The preparation with that program was very, very good and allowed me to succeed. Basically the thing I learned from that, that I never learned before, is that the way out of it – out of an urge – is to distract yourself. What you do is you switch to anything else, you could turn the TV on, you could run around the block, you could do anything. You just don’t sit there and let the urge overwhelm you. If you do that, you're a dead duck.

I feel great about what I did, quitting smoking was the best thing I ever did. I can breathe an awful lot better. The price of cigarettes was going up and up and up and I found out I had, like, twice as much money when I quit.

Joe - a Quitter

When I started smoking cigarettes were less than two dollars a pack. Now they are more than eight dollars. Wow…all those years I worked hard and a lot of my money went to cigarettes. What do you get out of it? Bad health and you stink.

After 26 years, I went to the doctor and he said “quit, quit.” I definitely thank my doctor for that. It’s a very hard thing to quit. You have to want to.

If I just wanted to do it at home, I probably wouldn’t have done it. Going to the counseling sessions helped. One guy could hardly breathe. When you see what happens to people…I though, I don’t want to end up like them. As long as you go to all the classes and use your patches and do what the counselor says – you get the most out of it.

I think it’s the best thing ever.

David - a Quitter

I started when I was 17. I had a friend who was a social smoker and I don’t know why but I decided to try it and got hooked right away. I smoked for 15 years and made numerous quit attempts but the longest I would quit was maybe two days.

There were definitely a lot of things sacrificed so I could keep smoking. I could have bought a home sooner and had less debt. I spent a lot of money. If I didn’t have money I would charge cigarettes before I would food. I had a ferret die from lung cancer because I was smoking in the house. It was never enough. It wasn’t until something happened to me that I said “that’s it.”

When I got hired at my job – for the employment physical my blood pressure was 170/110. The nurse said “you need to get this checked. You are kind of in the heart attack range.” I said, “that can’t be. I’m only 30.” That was what did it for me.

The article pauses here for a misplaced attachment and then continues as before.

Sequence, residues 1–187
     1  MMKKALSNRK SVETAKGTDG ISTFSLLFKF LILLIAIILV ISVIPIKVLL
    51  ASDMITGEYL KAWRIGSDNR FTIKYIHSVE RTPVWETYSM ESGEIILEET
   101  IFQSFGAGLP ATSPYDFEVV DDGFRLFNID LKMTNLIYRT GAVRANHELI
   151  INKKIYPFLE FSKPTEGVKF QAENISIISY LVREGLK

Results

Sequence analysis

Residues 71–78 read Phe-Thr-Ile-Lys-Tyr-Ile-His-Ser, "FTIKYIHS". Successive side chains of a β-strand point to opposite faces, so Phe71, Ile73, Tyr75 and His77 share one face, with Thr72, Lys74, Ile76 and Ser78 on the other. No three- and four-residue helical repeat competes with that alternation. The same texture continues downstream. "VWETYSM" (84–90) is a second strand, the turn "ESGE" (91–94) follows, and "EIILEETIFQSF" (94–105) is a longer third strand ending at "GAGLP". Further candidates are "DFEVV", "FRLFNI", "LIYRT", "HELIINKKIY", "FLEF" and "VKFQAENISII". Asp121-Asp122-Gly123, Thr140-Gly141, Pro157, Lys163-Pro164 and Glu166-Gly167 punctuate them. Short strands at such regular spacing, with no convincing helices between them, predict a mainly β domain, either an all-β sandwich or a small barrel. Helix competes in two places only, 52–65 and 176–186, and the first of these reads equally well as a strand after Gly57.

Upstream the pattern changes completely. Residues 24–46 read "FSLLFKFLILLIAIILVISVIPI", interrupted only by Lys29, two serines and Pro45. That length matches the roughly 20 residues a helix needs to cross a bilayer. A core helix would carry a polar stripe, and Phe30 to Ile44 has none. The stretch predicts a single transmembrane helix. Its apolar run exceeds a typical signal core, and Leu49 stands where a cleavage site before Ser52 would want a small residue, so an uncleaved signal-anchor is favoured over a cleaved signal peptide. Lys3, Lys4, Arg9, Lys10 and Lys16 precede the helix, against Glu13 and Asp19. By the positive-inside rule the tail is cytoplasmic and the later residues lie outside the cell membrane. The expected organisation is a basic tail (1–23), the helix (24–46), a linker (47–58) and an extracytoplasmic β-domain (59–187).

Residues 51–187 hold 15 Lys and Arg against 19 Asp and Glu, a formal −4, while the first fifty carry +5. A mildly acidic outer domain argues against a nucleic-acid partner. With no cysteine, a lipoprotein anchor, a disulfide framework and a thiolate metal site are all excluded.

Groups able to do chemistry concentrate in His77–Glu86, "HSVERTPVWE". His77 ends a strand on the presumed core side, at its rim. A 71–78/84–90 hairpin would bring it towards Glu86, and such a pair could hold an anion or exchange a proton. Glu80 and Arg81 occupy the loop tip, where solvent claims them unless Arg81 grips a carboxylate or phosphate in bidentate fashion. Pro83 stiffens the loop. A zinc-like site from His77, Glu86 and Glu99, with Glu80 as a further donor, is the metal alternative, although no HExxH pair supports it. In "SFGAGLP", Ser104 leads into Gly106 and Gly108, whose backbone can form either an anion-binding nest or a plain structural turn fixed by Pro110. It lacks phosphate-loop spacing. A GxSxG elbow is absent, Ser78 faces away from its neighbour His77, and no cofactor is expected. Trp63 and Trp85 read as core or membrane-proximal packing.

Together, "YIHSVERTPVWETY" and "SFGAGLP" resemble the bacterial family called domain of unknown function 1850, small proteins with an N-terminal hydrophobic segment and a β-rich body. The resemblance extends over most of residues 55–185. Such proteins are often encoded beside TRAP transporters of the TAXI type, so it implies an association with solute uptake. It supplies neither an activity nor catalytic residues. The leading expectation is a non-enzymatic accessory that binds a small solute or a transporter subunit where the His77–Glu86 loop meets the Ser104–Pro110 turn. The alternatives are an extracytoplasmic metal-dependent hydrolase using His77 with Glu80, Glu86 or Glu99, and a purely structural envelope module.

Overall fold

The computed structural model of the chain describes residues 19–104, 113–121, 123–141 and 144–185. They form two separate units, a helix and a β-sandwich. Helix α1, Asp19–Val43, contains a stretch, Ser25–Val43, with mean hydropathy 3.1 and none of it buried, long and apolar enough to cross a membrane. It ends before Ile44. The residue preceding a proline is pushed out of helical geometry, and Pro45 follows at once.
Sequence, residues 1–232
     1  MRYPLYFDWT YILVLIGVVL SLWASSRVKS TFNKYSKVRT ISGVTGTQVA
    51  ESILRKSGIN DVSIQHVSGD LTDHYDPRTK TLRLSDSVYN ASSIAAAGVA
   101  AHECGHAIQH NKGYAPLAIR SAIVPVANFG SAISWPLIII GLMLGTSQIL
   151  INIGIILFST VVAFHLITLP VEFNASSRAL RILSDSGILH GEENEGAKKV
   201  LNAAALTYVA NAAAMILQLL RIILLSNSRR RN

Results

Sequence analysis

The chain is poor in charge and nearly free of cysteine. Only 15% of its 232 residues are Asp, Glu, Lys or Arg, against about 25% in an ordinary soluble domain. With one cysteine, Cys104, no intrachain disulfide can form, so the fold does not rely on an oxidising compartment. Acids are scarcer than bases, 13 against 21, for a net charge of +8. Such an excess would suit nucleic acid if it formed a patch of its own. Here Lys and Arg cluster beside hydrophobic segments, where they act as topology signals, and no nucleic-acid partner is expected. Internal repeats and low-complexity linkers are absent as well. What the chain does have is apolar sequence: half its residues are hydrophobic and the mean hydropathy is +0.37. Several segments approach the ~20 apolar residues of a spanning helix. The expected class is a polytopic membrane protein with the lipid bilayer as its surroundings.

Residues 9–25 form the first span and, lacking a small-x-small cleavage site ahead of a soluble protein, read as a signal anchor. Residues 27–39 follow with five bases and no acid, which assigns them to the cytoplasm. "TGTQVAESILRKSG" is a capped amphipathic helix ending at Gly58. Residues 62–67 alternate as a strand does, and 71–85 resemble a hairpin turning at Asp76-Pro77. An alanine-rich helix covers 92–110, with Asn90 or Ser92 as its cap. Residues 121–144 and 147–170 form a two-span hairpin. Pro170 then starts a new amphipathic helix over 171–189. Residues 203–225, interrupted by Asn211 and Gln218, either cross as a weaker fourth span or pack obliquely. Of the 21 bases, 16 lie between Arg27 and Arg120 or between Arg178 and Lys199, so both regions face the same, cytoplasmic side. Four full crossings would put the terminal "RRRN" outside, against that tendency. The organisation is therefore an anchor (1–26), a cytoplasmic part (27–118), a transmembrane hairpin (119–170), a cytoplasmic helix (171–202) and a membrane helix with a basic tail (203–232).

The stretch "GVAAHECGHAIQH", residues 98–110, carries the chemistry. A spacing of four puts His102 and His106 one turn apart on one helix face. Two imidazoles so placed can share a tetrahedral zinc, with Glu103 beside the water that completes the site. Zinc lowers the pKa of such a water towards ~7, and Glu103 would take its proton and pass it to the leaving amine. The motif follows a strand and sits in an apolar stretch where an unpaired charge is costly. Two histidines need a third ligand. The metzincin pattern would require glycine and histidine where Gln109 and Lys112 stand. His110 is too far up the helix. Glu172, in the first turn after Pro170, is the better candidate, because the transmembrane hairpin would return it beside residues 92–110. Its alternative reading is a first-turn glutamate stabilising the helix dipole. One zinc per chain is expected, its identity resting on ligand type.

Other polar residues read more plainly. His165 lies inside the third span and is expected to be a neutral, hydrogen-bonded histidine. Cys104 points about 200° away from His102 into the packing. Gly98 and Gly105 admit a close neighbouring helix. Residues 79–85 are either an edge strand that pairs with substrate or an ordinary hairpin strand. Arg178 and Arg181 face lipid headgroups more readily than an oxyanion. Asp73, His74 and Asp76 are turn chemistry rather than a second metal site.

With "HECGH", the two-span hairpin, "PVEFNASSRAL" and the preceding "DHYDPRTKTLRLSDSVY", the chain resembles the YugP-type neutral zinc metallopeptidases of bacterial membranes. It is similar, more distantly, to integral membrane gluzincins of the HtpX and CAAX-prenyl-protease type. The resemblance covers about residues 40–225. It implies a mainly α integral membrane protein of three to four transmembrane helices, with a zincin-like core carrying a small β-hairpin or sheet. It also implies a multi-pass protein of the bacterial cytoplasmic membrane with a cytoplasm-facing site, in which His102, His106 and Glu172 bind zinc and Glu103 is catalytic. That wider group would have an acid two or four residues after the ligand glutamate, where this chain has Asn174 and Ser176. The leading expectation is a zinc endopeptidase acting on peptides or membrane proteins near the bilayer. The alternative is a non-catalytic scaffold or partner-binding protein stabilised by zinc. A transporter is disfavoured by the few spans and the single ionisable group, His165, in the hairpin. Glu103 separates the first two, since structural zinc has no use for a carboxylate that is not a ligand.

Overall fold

Quitting has enhanced my life. It will be five years September 3’rd. I feel a lot better physically. Now I’m a substance abuse and smoking cessation counselor. Going through the process myself has allowed me to help other people struggling with addictions.

Matt - a Quitter and Cessation Counselor

I have COPD and Asthma, all thanks from smoking. I started smoking when I was 16 years old, up until 30 years ago, and my oxygen tank is the result of it. I’ve tried to quit 11 times. I used to quit during Lent but always went right back. Then I decided on my own, this is it, no more cigarettes. I did it cold turkey, no patch or anything. When I finally decided, I didn’t tell anybody that I quit. I was off cigarettes for a couple of months before anyone really noticed.

Cigarettes make me feel relaxed. If I was uptight or anything, I would have a smoke. I wouldn’t pick up the phone unless I had a cigarette in my hand. It was a relaxing thing.

Smoking took my health. I have problems in the morning, I’m very slow to move around. When I do, I can go out but it takes me hours to get ready. If I didn’t smoke, I would be a whole lot more active. I used to be very active. I had to get out every day. But now, I can’t go out until somebody can take me.

I have to take my oxygen tank with me everywhere I go for the rest of my life. I’m tethered to it. It’s not fun.

If I can tell anybody, if you’re smoking, give it up. Give it up before it’s too late. If you can give it up, do so now before it is worst. Believe me, you will get like me if you don’t quit now.

Theresa - Oxygen Dependent